Sweetwater County COVID-19 EOC Confirms Number of Ventilators, Emergency Response Plan

Sweetwater County COVID-19 EOC Confirms Number of Ventilators, Emergency Response Plan

Emergency Response Operations Deputy Incident Commander, Jim Wamsley, addressed the media during Friday's Sweetwater County COVID-19 Emergency Operations Center press briefing. Sweetwater County Government YouTube photo.

SWEETWATER COUNTY — A message of caution and unity were at the heart of Friday morning’s Sweetwater County COVID-19 Emergency Operations Center press briefing.

Emergency Response Operations Incident Commander Randy Wendling and Deputy Incident Commander Jim Wamsley joined local media outlets to take questions and update the community on new information regarding the COVID-19 Coronavirus pandemic.

After several attempts by SweetwaterNOW throughout the last week to get more specific information regarding equipment available, like the number of ventilators, and available hospital beds, Wamsley said that there are currently 11 ventilators in Sweetwater County. Information regarding the number of beds and capacity limits in the county has still not been released.

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Emergency Response Plan

Several officials from the Sweetwater County COVID-19 EOC have confirmed that there is an emergency response plan. Wamsley revealed part of that plan when asked about a possible overcrowding at the hospital.

Wamsley reassured that they are working very closely with the hospital and other medical care providers to figure out how they will not only take care of COVID-19 patients but also how to care for routine illnesses and injuries.

Local officials are taking action in identifying possible locations to move patients to in Sweetwater County should an outbreak occur in the community. Once those locations are identified, the hospital and public health will review the locations to make sure needs can be met.

“It’s not just enough to have a large open space,” Wamsley said. “Ideally for a large open space you also don’t want to have any carpet in there because carpet is difficult to decontaminate. You want to have easy access so you can get personnel in and out of there.”

Wamsley said that they will also have to hammer out details as to what level of care is provided at each location. For example, recovering patients will be in a location further away from the treatment station, while those in the most critical condition will be located closer to medical care.

Wamsley stated that he couldn’t provide the facilities right now, but that they are getting ahead of the situation.

“I can tell you we are leaving no stone unturned in our communities to try and find those places and identify them ahead of this so that when that time comes it’s as easy as calling back here to the EOC,” Wamsley said.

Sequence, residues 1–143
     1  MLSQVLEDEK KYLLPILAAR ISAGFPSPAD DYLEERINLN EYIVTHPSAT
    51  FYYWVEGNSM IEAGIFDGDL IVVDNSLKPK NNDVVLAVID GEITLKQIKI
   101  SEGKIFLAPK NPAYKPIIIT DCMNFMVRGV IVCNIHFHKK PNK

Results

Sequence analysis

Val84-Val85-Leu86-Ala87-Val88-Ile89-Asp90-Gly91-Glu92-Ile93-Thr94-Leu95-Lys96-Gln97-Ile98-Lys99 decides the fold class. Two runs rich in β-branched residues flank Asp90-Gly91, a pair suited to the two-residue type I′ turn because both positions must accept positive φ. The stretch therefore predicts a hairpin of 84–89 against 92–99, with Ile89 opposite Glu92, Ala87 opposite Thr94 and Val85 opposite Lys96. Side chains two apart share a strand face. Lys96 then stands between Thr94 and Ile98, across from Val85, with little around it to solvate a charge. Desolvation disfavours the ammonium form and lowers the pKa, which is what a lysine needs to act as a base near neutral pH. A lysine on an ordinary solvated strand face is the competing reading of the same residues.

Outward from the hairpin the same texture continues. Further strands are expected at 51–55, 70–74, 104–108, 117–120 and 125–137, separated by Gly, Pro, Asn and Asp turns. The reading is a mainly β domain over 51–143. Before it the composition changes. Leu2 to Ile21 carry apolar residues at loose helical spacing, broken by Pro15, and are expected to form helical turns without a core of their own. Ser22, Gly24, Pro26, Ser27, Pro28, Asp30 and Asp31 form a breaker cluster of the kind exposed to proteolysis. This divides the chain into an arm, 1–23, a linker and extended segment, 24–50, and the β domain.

At some point in the future there will be a vaccine

Emergency Response Operations Deputy Incident Commander, Jim Wamsley

Fire Department Changes

Wamsley also commented on changes to the fire department’s protocol for 911 calls. Questions have been developed for 911 calls to sort out who potentially has COVID-19 and who does not.

“Based on that, we have adjusted our response model,” Wamsley said.

If the person is suspected to have COVID-19, they will be isolated away from as many people as possible. One medic will then go in and assess the person and determine their needs. Based on the information acquired by the medic, only necessary personnel will then transport the person to the hospital.

Wamsley said that he could only speak for the fire department, but that law enforcement agencies work closely with the fire department and are more than likely taking similar measures.

Fire departments are also taking extra precautions with personnel. According to Wamsley, all personnel have their temperature taken at the beginning and middle of their shift. Guidelines have also been issued, discouraging those who feel sick to stay away from work.

“Through these measures, it is our goal to have zero personnel taken out of the workforce across Sweetwater County,” Wamsley said.

A Call for Action

Wamsley expressed the seriousness of the COVID-19 pandemic and invited citizens to take care of each other.

“This current situation in our nation is unprecedented and it will be the task of our generation, of everyone who’s alive today, to make sure that we come through this as unscathed as humanely possible,” Wamsley said.

Wamsley said that the term “social distancing” should be changed to “physical distancing.” He expressed that it’s important to stay home and keep practicing sanitary actions.

“It is vitally important that we all, each and every one of us, do our part to make sure we control the spread of this sickness, so that the fewest number of people are infected at any given time,” Wamsley said.

By taking the situation seriously, Wamsley stated it would help flatten the curve, keep from opening emergency treatment centers and avoid forcing difficult decisions that other countries and states have had to make such as who lives and who dies.

“At some point in the future there will be a vaccine,” Wamsley said. “At some point in the future there will be a way to identify whether someone has antibodies or not and has already had that disease, even though they weren’t sick. But that’s a long ways down the road and we can’t plan on that train arriving before things get worse.”

Wamsley also warned that nobody should feel isolated. He invited everyone in the community to pick up the phone and call someone or reach out to a friend on social media.

“Even though we are all isolated, we are still a community and we can still take care of each other,” Wamsley said. “Take the time to take care of this community because I know together we can get through this. We can solve our problems and we can make that curve as flat as we want it to be.”

Below is the full press briefing from Friday morning: